5. Increase Generic Utilization Among Low-Income Subsidy (LIS) Medicare Beneficiaries: There is still a surprising gap in the use of generic drugs in this subpopulation of Medicare enrollees, often lagging behind national rates of generic use. Recommendations have been made to change the LIS copay structure to incentivize the use of more generics, with the estimated potential to save more than $18 billion over the next decade.

Q: Included in your 2017 Annual Meeting agenda are Government Affairs and the Generic Drug Costs Task Force. What is the current focus of these workgroups, and are there specific areas of concern that are different than in past years?

A: Our focus is on the shared goals of both the industry and the FDA, and we look forward to seeing commitments outlined in Generic Drug User Fee Act II lead to improvements and enhancements that enable more patients to access safe and effective lower-cost generic medicines in a timely manner. Additionally, our focus is on our patient population, with drug costs posing a complex challenge for too many patients. When the conversation turns to solutions, nearly everyone agrees—generic medicines keep costs down. Generics are 89% of prescriptions, but only 27% of drug costs. We look forward to working with patients and the patient-advocate community to improve access to safe, effective, and more affordable generics and biosimilars.

Q: Your Annual Meeting also included a State Affairs session. Are there significant differences between and within states relative to generic use?

A: We refer the public to our website RX Solutions (, which contains a report demonstrating the significant differences seen across the U.S. in various generic savings reported by each state (FIGURE 1).7

Q: Whom are you recognizing this year at the Awards Recognition?

A: We selected the National Consumers League (NCL) as the recipient of our prestigious Champions of Access award. Sally Greenberg, who has served as executive director of the NCL since 2007, accepted the award on behalf of the league. Ms. Greenberg and the NCL were recognized for their work in advocating for programs and policies that promote low-cost, effective drugs that benefit patients as well as the American healthcare marketplace. The NCL [founded in 1899 as one of the first consumer organizations, with the mission to protect and promote social and economic justice for consumers and workers in the U.S. and abroad8] has long advocated for the availability of generic alternatives to brand-name treatments as a cost-saver for Americans. In the U.S., generics represent 89% of all prescriptions dispensed, but account for only 27% of total drug costs. Over the decade of 2006 to 2015, the use of generic drugs saved the U.S. healthcare system approximately $1.46 trillion. In order to reduce out-of-pocket costs while retaining the same quality of care, the NCL encourages consumers to ask healthcare providers if a generic version of their prescription is available.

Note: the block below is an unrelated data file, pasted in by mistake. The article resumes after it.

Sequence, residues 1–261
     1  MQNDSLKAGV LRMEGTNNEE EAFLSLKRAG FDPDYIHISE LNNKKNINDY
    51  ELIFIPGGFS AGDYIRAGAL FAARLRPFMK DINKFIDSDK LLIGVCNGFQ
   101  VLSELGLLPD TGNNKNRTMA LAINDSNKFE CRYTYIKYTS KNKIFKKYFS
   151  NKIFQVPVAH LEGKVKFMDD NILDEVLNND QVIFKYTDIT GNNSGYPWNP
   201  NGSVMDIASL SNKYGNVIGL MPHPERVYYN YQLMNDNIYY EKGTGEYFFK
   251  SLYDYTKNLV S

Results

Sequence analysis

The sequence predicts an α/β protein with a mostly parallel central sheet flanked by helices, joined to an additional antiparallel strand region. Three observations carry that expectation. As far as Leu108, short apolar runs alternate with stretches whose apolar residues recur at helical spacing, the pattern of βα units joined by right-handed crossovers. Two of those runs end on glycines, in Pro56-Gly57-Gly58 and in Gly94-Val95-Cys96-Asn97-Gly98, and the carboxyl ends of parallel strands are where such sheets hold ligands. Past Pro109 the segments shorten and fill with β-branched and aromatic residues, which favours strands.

1. FDA. Drug Price Competition and Patent Term Restoration Act of 1984 (Hatch-Waxman Amendments). Accessed March 10, 2017.
2. GPhA rebrands itself and changes its name to the Association for Accessible Medicines. Accessed March 10, 2017.
3. Association for Accessible Medicines (AAM). Generic Pharmaceutical Association selects Chester “Chip” Davis, Jr. as president and CEO. Accessed March 10, 2017.
4. AAM. About the association. Accessed March 10, 2017.
5. Strategic plan: introduction. Accessed March 10, 2017.
6. U.S. Department of Health and Human Services, Office of the Assistant Secretary of Program Evaluation. Understanding recent trends in generic drug prices. Accessed March 10, 2017.
7. AAM. Generic drug savings and access report. Accessed March 10, 2017.
8. National Consumers League. About NCL. Accessed May 8, 2017.